On 24 June 2016, the United Kingdom voted to leave the European Union. The United Kingdom and the European Union are now dealing with the aftermath of this momentous decision, raising many questions as to what this means for our clients and the protection of their valuable IP rights both in the United Kingdom and the European Union. The process of leaving the EU is complex and to a great extent unknown—no country had ever left the EU before, although Greenland left the scope of the European Union about 20 years ago. The UK may not be alone however as the same political forces which have welled up and overwhelmed the political establishment in the United Kingdom are present in other European countries so Britain may not be the last European country to break-away from the EU in the near future. Furthermore, there are elections set down in virtually all the big countries of Western Europe over the next 18 months. The political atmosphere can only be described as both febrile and explosive.
The Near Term
The UK will not be leaving the EU until the British PM invokes Article 50 of the Lisbon Treaty. Once this has been done, it triggers a 2 year time limit for the EU and UK to negotiate the UK’s exit terms. However, some commentators have said that the re-organisation is the most complex economic reorganisation since 1945, so it could take 5 or even 10 years for the entire process to work itself out.
Patents and European Patents
Patents which are administrated through the European Patent Office are not affected by the vote of 24 June 2016, and such patents will continue in force, in the United Kingdom or any other territory which is part of the European Patent Convention. Nationals of European Convention (including nationals of the United Kingdom) can continue to act for clients before the EPO without restriction. Membership of the European Union is not relevant regarding such representation. With respect to the Community Patent, that is simply treated as a designated office in a European patent office and is no different from any other country in this respect. Finally in relation to the Unified Patent Court there simply is not enough known at the moment to proffer any manner of meaty information.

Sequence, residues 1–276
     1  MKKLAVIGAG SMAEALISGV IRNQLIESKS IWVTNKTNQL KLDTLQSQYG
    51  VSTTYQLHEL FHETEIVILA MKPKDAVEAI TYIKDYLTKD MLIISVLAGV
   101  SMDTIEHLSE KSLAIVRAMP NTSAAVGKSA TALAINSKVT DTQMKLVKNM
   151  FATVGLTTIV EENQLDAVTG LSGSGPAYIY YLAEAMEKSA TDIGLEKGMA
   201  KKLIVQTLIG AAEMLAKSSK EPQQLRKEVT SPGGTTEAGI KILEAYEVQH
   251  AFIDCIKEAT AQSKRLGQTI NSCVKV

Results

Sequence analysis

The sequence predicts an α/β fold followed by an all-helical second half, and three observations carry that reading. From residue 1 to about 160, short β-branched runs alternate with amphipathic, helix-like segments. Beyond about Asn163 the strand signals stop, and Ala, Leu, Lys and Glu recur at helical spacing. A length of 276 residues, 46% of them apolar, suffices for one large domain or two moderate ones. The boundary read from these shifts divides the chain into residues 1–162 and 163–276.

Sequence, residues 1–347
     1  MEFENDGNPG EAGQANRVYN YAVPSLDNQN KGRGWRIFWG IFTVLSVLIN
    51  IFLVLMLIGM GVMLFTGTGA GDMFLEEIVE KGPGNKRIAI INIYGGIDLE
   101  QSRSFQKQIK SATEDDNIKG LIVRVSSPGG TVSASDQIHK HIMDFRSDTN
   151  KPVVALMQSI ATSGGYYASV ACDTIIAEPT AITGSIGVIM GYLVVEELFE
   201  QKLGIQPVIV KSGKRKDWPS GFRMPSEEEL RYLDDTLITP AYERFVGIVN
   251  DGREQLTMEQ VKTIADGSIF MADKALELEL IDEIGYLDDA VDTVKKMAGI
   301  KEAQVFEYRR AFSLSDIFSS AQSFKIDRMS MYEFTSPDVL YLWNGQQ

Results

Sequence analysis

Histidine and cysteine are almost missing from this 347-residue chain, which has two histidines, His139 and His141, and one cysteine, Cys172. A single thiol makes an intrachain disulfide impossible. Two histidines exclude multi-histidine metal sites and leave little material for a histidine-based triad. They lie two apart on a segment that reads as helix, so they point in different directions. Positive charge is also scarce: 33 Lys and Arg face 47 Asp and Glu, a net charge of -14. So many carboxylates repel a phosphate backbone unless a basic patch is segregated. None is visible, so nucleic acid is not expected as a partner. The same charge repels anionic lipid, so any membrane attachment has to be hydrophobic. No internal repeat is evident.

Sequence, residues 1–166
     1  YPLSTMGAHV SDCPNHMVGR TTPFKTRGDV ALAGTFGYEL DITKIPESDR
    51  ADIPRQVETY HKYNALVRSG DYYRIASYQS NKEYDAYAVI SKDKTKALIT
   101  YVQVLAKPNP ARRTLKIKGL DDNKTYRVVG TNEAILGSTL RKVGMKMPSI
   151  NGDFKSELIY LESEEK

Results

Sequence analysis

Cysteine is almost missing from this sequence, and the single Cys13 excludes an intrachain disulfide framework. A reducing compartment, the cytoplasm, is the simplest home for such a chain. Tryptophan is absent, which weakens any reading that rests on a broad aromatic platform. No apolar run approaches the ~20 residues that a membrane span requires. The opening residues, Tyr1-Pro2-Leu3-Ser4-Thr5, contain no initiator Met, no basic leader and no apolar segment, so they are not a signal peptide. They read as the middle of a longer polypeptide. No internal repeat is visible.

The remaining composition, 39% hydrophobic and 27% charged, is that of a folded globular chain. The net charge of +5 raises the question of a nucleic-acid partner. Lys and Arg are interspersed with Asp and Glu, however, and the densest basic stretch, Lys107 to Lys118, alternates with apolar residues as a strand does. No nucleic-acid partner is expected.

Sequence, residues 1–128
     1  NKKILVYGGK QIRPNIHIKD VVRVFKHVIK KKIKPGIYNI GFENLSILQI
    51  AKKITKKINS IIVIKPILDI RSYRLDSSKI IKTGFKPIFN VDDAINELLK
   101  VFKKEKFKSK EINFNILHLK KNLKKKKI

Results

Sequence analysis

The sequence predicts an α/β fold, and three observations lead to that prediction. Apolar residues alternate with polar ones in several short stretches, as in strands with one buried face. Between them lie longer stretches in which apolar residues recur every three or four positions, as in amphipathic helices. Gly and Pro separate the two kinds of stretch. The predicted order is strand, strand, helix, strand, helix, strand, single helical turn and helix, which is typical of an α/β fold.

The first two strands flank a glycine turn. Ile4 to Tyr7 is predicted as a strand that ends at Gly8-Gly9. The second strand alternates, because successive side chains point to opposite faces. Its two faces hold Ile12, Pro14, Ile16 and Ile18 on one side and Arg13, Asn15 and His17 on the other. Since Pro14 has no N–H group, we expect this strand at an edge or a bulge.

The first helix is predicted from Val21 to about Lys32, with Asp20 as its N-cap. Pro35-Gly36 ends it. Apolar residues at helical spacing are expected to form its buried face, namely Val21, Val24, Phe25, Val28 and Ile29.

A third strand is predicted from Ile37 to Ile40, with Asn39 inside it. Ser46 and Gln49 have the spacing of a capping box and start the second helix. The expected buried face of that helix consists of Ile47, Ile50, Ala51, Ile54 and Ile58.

Trademarks and Designs
As you may know, a trademark may be protected in the UK by a national UK or EU registration both of which can be obtained directly or via an International Registration under the Madrid Protocol. Ultimately, I anticipate EU registrations for both trademarks and designs will no longer cover the UK. At this stage, no one knows whether existing EU registrations will extend automatically to the UK or whether some kind of validation process will be instigated. It may be wise for brand owners to consider seriously the value of securing rights in the UK now, particularly if they plan to licence those rights in the UK and some or all of the European Union Member States going forward. It will probably be at least two years and probably much longer before the process to be followed becomes clear. In so far as Designs are concerned the Regulation 2015/2424 established the EUIPO in March 2016 and deals with the EUIPO generally and does not distinguish between trademarks and designs.
Copyright Law has been harmonised at the European level in numerous respects – for example, the term of protection, the acts amounting to infringement, performers’ rights and qualifying criteria for protection. EU legislation also regulates important issues such as the liability of internet service providers. The extent to which these will be affected by Brexit negotiations remain to be seen.
EU Legislation empowers IP owners to partner with customs authorities in the EU Member States to seize, detain and ultimately destroy imported goods which infringe their rights. This is a particularly important tool for trademark owners in the fight against counterfeits. If the UK remains part of the EEA, the EU legislation on customs seizure would most likely continue to bind the UK. However, under a WTO model, the UK would be free to reject EU legislation and determine its own border controls. This in conjunction with the possibility of amendment of rules relating to the Exhaustion of Rights could mean that businesses could find it easier to prevent counterfeits from entering the UK, although, at the same time it also increases the costs in maintaining two separate border protection regimes.
If you have any questions or have any comments, please contact John Olsen ([email protected]).